How much should performers charge for a festive gig?

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Knowing how much to charge for a performance or event can be a tricky balance. Quote too much, and you could price yourself out of the running. Quote too little and you might find yourself making next to no revenue at all.

We take a look at how to get the balance right during the winter season, the prime time for festive gigs and events.

How much should I get paid for a gig?

The Musician’s Union suggests solo musicians should charge an hourly rate of £41.50. They suggest charging between £146 – £162.50 for a single performance (up to three hours), including an additional three hour same-day rehearsal.

Pubs expect to pay up to £250 for bands generally, with this figure doubling for special events and festive gigs such as New Year’s Eve.

Private functions and corporate events often have a much bigger budget, and you can command well over £1,000 for a general performance at a party, wedding or corporate event.

Well-established bands can command a much higher fee, because they’re likely to bring in more customers. If you’re a known band with a large following you’ll be able to charge upwards of £2,500 for an average weekend gig (and much more during peak times).

Encore music has published the ultimate price guide for hiring live musicians, which provides a decent benchmark for the amount you should be charging.

Should Christmas and New Year make a difference to my fee?

It’s accepted that most bands and musicians charge double their normal fee for a New Year’s event or festive gig.

There are several reasons you should look to increase your fees over the festive season:

Musicians are in high demand

Most musicians tend to be all booked up over the festive break over six months in advance. With many bars, pubs and clubs looking for bands and DJs to perform in their venue, the best are snapped up very quickly. Demand is high, and so are the charges. As the supply for musicians dwindles, the prices increase which makes it a very competitive and lucrative time of year.

You’re giving up a precious festive break to perform

Christmas and New Year’s is a time most people want to spend with friends and family. You’re giving up a special time of year to play a festive gig, and you can rightly expect to be compensated for this.

Travel distance

As demand is so high, it’s likely you’ll be called upon to play at an event a little outside your usual stomping ground. Take into account how long it’ll take you to get to/from the venue (and how much it’ll cost you) and add this to your overall quote. Don’t forget to add in additional time for festive traffic, delays and disruption.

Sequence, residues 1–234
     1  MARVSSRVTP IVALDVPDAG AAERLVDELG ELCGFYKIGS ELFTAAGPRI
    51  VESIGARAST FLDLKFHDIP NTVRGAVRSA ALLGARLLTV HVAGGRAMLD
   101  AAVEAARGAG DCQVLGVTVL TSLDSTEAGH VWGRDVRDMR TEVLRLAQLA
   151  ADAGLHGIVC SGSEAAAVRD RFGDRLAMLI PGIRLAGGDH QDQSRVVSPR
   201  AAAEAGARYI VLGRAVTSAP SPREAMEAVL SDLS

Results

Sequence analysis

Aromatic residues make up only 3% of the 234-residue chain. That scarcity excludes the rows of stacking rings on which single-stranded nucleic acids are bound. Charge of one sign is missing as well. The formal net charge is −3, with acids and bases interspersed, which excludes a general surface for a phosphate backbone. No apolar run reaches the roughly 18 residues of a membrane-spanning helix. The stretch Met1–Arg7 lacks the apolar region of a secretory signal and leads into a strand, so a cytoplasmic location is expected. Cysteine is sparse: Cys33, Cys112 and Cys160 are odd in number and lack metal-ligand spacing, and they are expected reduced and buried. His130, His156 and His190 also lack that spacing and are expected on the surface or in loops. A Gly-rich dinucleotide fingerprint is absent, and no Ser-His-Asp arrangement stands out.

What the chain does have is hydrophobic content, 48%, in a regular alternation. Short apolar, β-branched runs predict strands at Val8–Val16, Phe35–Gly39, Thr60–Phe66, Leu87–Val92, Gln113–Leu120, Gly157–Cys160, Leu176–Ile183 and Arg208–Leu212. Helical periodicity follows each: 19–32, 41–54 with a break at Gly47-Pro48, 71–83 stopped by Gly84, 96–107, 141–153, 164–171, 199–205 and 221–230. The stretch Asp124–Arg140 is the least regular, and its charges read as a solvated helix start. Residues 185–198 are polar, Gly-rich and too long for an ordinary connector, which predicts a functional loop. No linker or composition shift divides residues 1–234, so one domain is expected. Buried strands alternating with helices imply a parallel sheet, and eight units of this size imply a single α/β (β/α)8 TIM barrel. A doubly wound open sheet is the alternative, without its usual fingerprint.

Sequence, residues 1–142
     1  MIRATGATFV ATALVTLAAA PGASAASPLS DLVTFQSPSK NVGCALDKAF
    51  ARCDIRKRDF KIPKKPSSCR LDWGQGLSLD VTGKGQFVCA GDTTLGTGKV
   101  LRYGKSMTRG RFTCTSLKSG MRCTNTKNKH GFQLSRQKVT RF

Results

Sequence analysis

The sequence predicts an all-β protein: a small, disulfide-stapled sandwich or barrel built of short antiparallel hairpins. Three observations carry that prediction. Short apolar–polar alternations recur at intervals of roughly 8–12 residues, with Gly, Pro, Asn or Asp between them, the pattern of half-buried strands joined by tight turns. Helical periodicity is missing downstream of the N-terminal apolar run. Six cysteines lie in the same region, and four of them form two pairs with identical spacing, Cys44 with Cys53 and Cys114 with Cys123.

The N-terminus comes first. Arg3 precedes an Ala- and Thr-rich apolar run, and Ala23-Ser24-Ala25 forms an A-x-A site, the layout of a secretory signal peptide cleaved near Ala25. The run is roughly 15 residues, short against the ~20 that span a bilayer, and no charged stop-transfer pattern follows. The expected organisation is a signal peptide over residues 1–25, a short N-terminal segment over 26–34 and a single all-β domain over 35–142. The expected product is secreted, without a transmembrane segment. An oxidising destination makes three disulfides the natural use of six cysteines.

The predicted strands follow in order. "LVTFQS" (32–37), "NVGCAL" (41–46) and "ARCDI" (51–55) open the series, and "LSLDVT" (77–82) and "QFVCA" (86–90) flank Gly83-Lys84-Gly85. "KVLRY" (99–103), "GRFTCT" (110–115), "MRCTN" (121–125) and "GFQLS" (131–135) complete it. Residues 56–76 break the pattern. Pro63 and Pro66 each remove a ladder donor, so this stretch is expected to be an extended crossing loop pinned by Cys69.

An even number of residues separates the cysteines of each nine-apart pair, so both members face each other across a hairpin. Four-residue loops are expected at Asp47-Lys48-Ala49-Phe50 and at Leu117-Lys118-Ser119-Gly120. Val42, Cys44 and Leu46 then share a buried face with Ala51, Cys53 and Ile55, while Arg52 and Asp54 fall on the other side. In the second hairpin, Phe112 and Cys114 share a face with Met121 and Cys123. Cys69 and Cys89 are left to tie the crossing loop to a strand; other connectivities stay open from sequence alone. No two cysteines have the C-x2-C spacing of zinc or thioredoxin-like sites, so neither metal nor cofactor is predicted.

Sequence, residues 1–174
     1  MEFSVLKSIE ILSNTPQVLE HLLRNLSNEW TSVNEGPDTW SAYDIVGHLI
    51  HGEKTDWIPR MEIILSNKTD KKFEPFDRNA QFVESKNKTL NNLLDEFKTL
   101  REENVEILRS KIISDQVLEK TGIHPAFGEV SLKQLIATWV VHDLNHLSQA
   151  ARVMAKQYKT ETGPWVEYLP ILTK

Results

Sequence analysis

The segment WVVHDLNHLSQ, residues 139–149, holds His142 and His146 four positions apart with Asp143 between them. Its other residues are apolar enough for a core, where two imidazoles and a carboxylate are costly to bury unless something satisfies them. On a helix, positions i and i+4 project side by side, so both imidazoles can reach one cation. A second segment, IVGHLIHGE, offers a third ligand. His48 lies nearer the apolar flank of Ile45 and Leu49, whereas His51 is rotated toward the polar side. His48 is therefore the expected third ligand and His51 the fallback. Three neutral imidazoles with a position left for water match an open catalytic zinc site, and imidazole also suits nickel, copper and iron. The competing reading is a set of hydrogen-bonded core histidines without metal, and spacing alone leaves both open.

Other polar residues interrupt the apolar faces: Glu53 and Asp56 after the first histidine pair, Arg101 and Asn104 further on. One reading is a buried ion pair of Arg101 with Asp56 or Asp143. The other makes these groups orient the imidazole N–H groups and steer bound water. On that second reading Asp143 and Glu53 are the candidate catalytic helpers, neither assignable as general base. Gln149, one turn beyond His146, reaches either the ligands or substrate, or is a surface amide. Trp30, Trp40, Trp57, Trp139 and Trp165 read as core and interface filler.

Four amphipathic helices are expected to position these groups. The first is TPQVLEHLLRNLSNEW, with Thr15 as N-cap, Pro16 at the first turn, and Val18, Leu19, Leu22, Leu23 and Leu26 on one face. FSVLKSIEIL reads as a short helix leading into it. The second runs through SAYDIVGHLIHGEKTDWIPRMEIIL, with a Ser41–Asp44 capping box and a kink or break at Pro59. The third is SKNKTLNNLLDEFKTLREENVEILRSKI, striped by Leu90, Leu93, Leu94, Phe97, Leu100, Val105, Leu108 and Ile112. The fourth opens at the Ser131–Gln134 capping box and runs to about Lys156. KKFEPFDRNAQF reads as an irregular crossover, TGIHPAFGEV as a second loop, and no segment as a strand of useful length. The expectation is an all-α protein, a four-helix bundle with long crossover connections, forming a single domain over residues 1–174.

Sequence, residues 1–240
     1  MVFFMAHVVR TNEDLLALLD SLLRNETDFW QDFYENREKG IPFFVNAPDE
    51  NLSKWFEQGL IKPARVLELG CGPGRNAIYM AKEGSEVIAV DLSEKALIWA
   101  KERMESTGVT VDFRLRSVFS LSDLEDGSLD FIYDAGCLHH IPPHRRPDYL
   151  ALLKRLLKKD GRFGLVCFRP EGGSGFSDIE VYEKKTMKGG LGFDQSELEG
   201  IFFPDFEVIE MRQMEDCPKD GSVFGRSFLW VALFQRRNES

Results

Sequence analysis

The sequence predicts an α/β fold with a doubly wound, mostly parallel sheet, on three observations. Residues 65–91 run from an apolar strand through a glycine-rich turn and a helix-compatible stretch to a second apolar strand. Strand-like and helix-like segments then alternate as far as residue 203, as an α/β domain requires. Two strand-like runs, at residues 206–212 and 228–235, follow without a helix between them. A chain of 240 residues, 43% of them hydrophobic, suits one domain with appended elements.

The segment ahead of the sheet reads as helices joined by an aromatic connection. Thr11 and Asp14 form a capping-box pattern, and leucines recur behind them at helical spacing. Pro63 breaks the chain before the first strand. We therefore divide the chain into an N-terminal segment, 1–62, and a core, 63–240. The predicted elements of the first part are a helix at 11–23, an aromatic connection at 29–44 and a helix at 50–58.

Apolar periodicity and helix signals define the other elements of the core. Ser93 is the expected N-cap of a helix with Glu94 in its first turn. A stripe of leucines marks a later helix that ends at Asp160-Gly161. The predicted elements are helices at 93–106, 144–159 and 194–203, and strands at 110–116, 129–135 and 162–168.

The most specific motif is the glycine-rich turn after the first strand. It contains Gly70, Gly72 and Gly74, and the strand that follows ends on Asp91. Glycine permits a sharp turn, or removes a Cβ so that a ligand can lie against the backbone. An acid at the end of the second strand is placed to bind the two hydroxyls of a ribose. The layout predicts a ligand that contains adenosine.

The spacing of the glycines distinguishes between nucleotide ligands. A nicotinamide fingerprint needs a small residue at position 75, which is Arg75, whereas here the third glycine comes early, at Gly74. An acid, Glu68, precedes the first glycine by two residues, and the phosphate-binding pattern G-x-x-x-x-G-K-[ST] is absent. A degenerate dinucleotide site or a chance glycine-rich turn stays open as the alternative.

Event times

If you’re used to performing early afternoon gigs or corporate events, then you may not want to play a gig that keeps you up until 2am. Consider how many hours you’re expecting to be present – and performing – and make sure you’ve accounted for this in your budget.

Of course, if you’re given the opportunity to play an event of a lifetime, or a gig you know you’re all really going to enjoy, then it’s worth adjusting your price to make sure you secure the booking.

Should I accept a flat fee or a split for a festive gig?

Most event organisers and venues will pay you a straight fee. A flat fee is a guaranteed, pre-agreed sum of money you will be owed (either paid fully or partially in advance or on the night).

Some venues will offer a percentage split of door / box office takings instead. You should establish whether this includes bar takings or not and adjust your split accordingly. This approach is a gamble – if the gig’s a sell-out, then you’ll probably earn more money than you would with a flat fee. Having said that, if there’s a disappointing turn out then you could end up making very little.

That’s where a guaranteed fee plus a split percentage comes in. This means you are guaranteed a smaller flat fee to cover your costs. If the gig ends up not selling enough tickets to go over your fee amount, then you won’t receive anything additional. However, if it sells really well you’ll get a percentage of the takings on top of your fee, too.

What about travel and expenses?

It’s up to you whether you choose to roll this into your overall fee or break down expenses and charge for them additionally. Expenses include travel time and expenses, parking charges, porterage, subsistence, insurance costs and overnight stays where applicable.

Agree in advance if your band will receive a free bar tab, and if friends/family can come along to the gig for free. It will save time trying to negotiate this later once a booking’s already been finalised.

You should also be aware of any hidden costs you may be stung for, such as the hire of equipment or promotion. If you don’t want to see money deducted from your bill at the end of the event, make sure you check with the venue, promoter or event organiser that there are no additional charges from their side.  

Have you got an offer in writing?

You should always get an offer in writing, including what’s expected of you and how much you’re getting paid in return. Therefore, if something goes wrong, you can refer to the agreed terms and recovering your fee becomes a much easier process. Ideally you should get a contract signed by both parties.

Insure your festive gig

Good luck for your festive events!We hope your festive line-up is a complete success, but don’t forget to arrange insurance for event equipment, public liability and event cancellation. This will make sure you’re covered financially if something does go wrong. Get in touch now for a quote!

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